Nov 06, 2011 at 8:30 am
In various posts (e.g., here), I’ve stressed the relationship between inequality and mobility in the American income distribution.
Although someone’s always going to complain about the evidence, it’s widely accepted that income inequality has grown considerably over the last few decades. What you sometimes hear about this is: “sure, inequality’s gone up, but there’s enough mobility in our economy to offset it.” I recently dinged Rep Paul Ryan for this rap.
Well, yesterday I ran into the estimable economist Katherine Bradbury from the Boston Federal Reserve; Katherine does some of the most careful and important research on the topic of mobility, so when she told me about a new paper, I immediately checked it out.
The paper provides a comprehensive look at the most important questions regarding income mobility in the US. By looking at data tracking families’ income positions since the late 1960s, Katherine’s able to evaluate the “acceleration” claim made above.
Let me explain. It’s not enough to say, “because we have mobility—i.e., families move up and down the income scale—greater inequality is not a problem.” You have to account for the dynamics: to offset greater inequality requires a higher rate of mobility.
Using the analogy I raised in the first link above, the floors of Hotel Income are further apart now due to higher inequality, so we need the income elevator (mobility) to move faster between those floors if we hope to offset the greater distance between them.
Earlier research showed no increase in mobility and suggested perhaps a decline. Bradbury’s paper is particularly germane right now because it’s the first I’ve seen that clearly documents a statistically significant decline in the rate of mobility. The slowdown isn’t huge—I’d call it slight (as does Bradbury). But it’s there in the data.
The figure shows four measures of family income mobility over ten-year spans: the percent or rich (poor) families who move down (up) the income scale, and the percent of each who move “far,” meaning they move across more than one income fifth.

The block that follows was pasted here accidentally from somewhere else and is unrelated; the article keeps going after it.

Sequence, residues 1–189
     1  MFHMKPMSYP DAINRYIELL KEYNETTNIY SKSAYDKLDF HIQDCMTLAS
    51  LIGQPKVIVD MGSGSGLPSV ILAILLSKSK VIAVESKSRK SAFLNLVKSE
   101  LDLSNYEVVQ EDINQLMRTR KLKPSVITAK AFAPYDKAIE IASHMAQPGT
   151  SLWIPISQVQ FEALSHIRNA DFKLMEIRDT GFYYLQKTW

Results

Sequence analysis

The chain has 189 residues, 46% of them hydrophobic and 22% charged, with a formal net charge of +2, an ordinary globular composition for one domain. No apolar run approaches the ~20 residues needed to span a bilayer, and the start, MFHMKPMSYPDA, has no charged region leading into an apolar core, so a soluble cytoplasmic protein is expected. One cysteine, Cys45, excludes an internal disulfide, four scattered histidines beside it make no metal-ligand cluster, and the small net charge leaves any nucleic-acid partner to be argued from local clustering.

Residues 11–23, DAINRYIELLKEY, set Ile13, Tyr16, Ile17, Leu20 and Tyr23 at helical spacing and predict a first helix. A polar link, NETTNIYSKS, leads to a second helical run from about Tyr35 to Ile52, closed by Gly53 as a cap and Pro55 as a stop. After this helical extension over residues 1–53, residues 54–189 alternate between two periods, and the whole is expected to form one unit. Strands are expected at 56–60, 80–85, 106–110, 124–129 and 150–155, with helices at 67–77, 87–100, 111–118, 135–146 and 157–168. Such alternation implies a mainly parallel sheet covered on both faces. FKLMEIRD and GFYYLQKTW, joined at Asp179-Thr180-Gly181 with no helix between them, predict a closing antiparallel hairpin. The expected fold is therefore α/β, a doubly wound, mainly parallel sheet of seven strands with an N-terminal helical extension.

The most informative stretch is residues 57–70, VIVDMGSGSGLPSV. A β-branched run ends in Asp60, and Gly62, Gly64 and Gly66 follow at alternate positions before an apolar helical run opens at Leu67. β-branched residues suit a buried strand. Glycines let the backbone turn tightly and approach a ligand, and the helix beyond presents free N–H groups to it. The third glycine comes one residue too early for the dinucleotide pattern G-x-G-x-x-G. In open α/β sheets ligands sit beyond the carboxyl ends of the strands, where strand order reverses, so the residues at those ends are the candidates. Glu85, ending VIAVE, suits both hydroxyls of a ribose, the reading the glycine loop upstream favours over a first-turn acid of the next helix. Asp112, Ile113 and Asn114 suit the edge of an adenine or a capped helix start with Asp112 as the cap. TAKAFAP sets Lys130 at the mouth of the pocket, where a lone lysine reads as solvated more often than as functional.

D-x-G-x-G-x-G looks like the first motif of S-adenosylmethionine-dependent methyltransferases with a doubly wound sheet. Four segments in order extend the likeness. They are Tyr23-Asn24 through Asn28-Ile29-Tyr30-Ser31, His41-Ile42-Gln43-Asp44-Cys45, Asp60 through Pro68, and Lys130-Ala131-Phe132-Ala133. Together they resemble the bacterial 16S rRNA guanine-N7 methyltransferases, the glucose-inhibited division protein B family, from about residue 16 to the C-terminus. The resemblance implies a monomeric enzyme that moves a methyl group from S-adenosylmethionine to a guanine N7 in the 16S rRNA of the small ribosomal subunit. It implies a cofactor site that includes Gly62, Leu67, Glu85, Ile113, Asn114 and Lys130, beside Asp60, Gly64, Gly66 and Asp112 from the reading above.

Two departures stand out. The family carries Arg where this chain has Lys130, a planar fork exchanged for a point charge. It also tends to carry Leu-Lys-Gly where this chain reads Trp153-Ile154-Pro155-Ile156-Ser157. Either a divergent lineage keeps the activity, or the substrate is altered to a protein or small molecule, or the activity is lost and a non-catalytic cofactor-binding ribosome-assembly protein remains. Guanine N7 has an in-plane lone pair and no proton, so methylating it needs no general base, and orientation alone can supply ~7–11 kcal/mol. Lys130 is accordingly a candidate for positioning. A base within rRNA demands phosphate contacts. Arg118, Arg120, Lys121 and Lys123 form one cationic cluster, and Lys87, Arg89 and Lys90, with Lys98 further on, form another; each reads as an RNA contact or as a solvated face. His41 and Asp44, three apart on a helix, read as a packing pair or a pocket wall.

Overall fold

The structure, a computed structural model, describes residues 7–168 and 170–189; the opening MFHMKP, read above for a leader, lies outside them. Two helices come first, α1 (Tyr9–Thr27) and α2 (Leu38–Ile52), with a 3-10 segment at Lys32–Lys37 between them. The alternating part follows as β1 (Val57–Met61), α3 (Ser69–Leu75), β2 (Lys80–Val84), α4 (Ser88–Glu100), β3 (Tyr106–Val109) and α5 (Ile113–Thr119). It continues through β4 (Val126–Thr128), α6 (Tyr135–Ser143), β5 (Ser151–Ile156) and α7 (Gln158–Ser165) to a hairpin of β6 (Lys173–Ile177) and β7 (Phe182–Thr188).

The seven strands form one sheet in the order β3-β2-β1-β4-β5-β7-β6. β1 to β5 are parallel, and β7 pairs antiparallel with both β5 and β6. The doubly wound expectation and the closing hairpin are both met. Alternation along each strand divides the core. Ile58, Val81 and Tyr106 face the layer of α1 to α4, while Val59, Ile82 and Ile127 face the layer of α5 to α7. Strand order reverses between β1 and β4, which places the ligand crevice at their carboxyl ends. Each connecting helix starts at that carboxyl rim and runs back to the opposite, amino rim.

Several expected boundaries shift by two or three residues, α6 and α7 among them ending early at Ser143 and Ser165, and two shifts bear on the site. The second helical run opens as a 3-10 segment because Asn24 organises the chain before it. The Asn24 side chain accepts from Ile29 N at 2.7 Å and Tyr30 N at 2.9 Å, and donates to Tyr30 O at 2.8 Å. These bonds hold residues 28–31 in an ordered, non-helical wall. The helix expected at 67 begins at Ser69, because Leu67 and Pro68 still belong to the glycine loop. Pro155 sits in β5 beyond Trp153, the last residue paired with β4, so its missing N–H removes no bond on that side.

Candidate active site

Source: Bradbury (2011), link above.
The top two lines show that there’s not much change in the percent of poor moving up over time, but there’s about a 10 percentage point decline in the share of rich families moving down, a symptom of diminished mobility.
Similarly, the share of families crossing more than one quintile in the income scale drifts down over time.
As Bradbury puts it:
Overall, the evidence indicates that over the 1969-to-2006 time span, family income mobility across the distribution decreased, families’ later-year incomes increasingly depended on their starting place, and the distribution of families’ lifetime incomes became less equal.
This notion that where you start is an increasing determinant of where you end up poses a fundamental challenge to a basic American value. Most of us don’t seek policies to ensure equal outcomes, but we do seek equal opportunities. The combination of increased inequality and decreased mobility suggests the violation of both: less equal outcomes and diminished opportunities.
Moreover, I believe these two results are not simply correlated over time, as Bradbury shows, but causally related. That is, higher inequality is itself driving a chain of events that leads to lower rates of income mobility.
There are various links to this chain—and this is just a hypothesis at this point (but I’ll bet I’m right). The relationship between income concentration and political power is one important link. The austerity measures we are now contemplating, the regressive changes to the tax code, the sharp cuts in discretionary spending (a part of the budget that pays for, among other things, various investments in human capital targeted at less advantaged populations)—the general and pervasive view that we a) can’t afford the investments and social insurance we need, and b) can’t raise taxes to pay for them—is not an objective fact based on analysis. It’s a political call based on power.
And it goes deeper. I fear that the excessive level of inequality we now face is also leading to a diversion of opportunities within our communities: one group can provide their children with the libraries, parks, museums, trips to mind-expanding venues; the other group cannot. Such inequalities will surely, and causally, raise the correlations between the income position in which families start out and where they end up.
In this regard, Bradbury’s formulas, tables, graphs, and statistical tests are providing us with a stark warning about the direction in which the nation is heading. We ignore her warning at our peril.
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